You will be automatically re-directed in three seconds. Click the link to go to the new blog now. Use the search function on the new blog to find any story you are looking for on here.
Seven members of Repent America filed a legal challenge to the amendment in April 2005, six months after they were arrested at the OutFest block party, and charged with hate crimes against sexual and gender minorities. The state’s Ethnic Intimidation Act was amended in December 2002 to include protections for the categories of ancestry, mental or physical disability, sexual orientation, gender or gender identity. However, Repent America members want that amendment nullified, claiming it was enacted in an unconstitutional manner.Repent America claims that "lawmakers failed to hold adequate public hearings on the hate-crimes law amendment, and misled the public by including the amendment in the Ethnic Intimidation Act." Michael Marcavage, leader of Repent America, also claimed hate crimes laws are not necessary as he applauded the Commonwealth Court's decision:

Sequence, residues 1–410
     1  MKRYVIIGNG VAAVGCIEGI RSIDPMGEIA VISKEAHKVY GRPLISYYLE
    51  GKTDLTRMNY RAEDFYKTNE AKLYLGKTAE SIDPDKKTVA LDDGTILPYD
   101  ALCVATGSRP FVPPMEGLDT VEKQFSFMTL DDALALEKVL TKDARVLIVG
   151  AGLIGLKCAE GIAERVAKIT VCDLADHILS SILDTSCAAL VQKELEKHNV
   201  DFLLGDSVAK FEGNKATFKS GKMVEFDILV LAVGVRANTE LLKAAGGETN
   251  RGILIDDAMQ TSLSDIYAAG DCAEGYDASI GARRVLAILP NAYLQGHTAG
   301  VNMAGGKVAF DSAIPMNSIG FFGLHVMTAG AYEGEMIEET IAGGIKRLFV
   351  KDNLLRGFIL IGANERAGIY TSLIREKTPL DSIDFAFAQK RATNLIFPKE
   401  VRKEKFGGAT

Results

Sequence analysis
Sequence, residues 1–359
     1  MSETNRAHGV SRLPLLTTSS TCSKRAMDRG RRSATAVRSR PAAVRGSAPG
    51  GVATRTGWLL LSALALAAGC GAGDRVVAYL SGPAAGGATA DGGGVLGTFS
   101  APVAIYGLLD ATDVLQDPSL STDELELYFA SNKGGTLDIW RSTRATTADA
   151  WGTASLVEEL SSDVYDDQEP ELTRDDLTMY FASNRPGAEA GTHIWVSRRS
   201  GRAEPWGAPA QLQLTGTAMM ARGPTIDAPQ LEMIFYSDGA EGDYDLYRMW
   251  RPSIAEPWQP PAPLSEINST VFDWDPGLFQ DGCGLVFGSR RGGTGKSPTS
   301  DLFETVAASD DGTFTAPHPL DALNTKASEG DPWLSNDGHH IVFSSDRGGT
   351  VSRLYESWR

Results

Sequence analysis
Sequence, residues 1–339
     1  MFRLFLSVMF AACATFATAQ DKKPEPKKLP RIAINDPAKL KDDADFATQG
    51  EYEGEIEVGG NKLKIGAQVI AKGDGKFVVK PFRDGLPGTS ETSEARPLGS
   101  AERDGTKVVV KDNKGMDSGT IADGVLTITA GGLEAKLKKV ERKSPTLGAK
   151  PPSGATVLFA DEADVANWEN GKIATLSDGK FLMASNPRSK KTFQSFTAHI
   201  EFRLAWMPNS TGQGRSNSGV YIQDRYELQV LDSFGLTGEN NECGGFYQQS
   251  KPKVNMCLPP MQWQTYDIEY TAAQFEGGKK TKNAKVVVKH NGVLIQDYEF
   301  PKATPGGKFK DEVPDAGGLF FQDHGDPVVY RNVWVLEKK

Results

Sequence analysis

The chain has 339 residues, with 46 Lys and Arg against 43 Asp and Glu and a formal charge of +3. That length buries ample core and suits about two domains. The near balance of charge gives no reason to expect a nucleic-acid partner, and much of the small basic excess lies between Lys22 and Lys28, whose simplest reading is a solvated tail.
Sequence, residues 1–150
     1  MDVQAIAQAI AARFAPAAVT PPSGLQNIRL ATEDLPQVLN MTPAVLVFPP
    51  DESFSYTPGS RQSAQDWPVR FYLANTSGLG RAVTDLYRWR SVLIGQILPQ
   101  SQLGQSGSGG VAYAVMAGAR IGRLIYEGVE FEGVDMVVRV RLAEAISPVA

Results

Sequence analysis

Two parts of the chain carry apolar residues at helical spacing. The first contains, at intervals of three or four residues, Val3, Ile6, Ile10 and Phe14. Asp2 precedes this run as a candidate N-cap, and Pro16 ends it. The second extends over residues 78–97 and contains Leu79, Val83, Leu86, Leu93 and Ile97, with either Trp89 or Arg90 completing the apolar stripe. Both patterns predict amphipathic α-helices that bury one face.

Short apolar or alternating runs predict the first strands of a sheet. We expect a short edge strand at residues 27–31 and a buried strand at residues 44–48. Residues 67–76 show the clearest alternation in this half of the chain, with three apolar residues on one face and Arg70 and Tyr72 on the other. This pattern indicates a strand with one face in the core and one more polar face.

“There is a plethora of laws to deal with those who act violently aganist anyone,” Marcavage told PGN. “We don’t want thought-police going out and charging people with hate crimes just because they offended somebody based on their quote-unquote sexual orientation.”Technorati Tags: gay, lgbt, gay rights, anti-gay, hate crimes, repent america, philadelphia, pennsylvania